There is something magical about the piano—maybe it’s the beautiful curves of a baby grand, the complexity of sound it can produce, or the wonder of fingers moving with speed and accuracy across the keyboard. And while it’s certainly not portable and can cost a small fortune to move or maintain, the romance continues. Parents spend hundreds of dollars on lessons, hoping that their son or daughter will make the dream come alive, but the results are mixed. Every year I watch bright, music-loving, musically-gifted children slouch their way through the year making minimal progress despite my best efforts during our lesson time and I am humbly reminded that I am not central to their success—you are.

Success at the piano exists in direct relation to practice at home, and with children, parents play the most obvious role in making sure this happens. Very few children are self-directed enough to pursue music on their own, but many more who love music also need the full support of a parent to practice. How?

You will notice waves of interest in practicing—surf them! These are critical times for students because the intensity they bring to practicing can help them make significant leaps in their technical expertise, reading ability and playing strength, which feeds back into their desire to practice. Make sure your child has music that she enjoys playing, buy a new book or download some fun sheet music. Join them at the piano and play a duet, even if it’s only Heart and Soul. Get out a guitar or a drum and play with them. Arrange a mini-concert for friends, take a picture of them at the piano and frame it. Record them playing and send it to family—make a CD!

But don’t be surprised when the interest wanes. Seemingly low interest times are the plateaus where students are consolidating new skills, playing music that they really love and don’t want to give up, or just taking the space they need in a life that is full of other interests. Another wave will come. Watch and be ready!

At our house, practicing is linked to other activities—no screen time until practicing has been done. One child loves to practice first thing in the morning so he’s “done” and can use all of his after school time to play. The other child prefers playing in the evening when he’s more likely to have an audience. Is your child a morning person? Does she prefer a quiet household when practicing?

Be consistent. If you have a routine, tag practicing on to another task. Leave flexibility for weekends and accept that a day away from the piano can be helpful. One day, that is—more than one day away from playing can make the return an uphill slog as students struggle to recall skills that were only recently acquired. And any time at the instrument is good time, messing around is better than not being there at all and sometimes it’s all you can ask.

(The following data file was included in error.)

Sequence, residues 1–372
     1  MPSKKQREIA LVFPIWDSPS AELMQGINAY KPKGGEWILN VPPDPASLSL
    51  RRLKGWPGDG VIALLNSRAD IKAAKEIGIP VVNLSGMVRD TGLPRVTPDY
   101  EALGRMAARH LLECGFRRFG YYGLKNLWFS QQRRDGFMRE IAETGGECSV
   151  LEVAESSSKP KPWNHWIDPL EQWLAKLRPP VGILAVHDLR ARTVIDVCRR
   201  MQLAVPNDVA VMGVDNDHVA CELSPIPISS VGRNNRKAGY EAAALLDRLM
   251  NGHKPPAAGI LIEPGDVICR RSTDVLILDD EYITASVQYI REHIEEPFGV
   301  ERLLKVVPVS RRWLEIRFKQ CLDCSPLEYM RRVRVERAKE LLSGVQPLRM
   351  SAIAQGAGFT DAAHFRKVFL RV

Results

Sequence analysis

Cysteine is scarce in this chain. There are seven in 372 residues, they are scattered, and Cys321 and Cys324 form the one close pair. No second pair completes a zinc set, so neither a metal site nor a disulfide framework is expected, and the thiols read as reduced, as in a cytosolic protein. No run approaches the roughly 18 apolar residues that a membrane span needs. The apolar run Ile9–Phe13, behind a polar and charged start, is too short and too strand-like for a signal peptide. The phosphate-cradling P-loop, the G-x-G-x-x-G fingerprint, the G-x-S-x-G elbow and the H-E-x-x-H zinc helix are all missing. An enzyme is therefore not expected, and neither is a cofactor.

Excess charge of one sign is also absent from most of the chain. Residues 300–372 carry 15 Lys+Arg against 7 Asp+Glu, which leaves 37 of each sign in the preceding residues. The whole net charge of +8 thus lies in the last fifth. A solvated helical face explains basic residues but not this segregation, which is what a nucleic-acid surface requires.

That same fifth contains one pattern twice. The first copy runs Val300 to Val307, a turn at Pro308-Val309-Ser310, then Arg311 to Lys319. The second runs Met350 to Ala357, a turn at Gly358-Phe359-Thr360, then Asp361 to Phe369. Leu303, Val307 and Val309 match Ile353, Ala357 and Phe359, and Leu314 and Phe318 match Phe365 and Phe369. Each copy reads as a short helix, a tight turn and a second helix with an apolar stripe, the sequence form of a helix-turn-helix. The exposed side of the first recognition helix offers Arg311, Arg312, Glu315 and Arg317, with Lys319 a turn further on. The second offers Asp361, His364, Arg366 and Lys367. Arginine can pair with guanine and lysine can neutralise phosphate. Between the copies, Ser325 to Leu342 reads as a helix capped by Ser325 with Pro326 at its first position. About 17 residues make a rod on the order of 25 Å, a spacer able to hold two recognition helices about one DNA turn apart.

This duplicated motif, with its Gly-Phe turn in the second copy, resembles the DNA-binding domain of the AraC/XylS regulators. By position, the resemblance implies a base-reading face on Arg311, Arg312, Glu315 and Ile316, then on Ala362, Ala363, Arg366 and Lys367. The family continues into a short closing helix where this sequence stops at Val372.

It’s great when the piano is centrally located. It’s easier to monitor what’s going on during the practice session and to offer lots of praise for a good performance. Resist the urge to correct—unless you’ve established a successful way of doing this with your child, it can be counter-productive. Practicing can be the time when your child is taking ownership of acquiring a skill, so leave the corrections to the teacher. The proviso here is that if there is a wrong note that is making the music sound terrible, an intervention can make everyone feel better.

Accompany your child. If your piano is situated in a basement or side room, consider taking a book or some work and sitting in the room while your child practices. For many children, one of the hardest things about practicing is being alone.

And if the piano is in the same room as a stereo, computer or television—not a preferred situation—make sure there is a policy with regard to how these different media interact. What gets priority? Will there be resentment on the part of other family members when the practicing commences?

Rewards for practicing should be intrinsic—playing piano better is the best reward for time spent at the instrument. But sometimes an exterior motivator can be helpful. Knowing someone else is listening can be a strong motivator for some children (“I really like that song you play in a minor key. Can you play that one for me?”), as can praise (“That is the best I’ve ever heard you play that!”). Children can be encouraged to develop their own external rewards as part of taking ownership for learning their music, maybe taking time for a snack midway through practicing when they’ve finally mastered a difficult bit, or as a reward for using correct fingering in a scale.

And although parents are key to success for young musicians, the goal must always be to move children towards ownership. Playing piano is their skill and at some point, they must make the commitment. This doesn’t happen in one day, it’s a process whereby parents need to be constantly assessing how much they need to intervene, when they can back off and see what happens. It’s a function of maturity, of skill, of interest and lots of things we don’t see. Be patient, but encourage those moments when a child takes on something difficult without being told, or practices longer than is required. Remember that music-making is a joyful experience and part of that joy springs from knowing that you’ve worked hard and the beauty you have to share is your own.

Wendy Dyck has taught piano for almost 20 years and has a music studio that includes students ranging in age from seven to 87. She believes that making music is empowering and dreams of learning to play the accordion.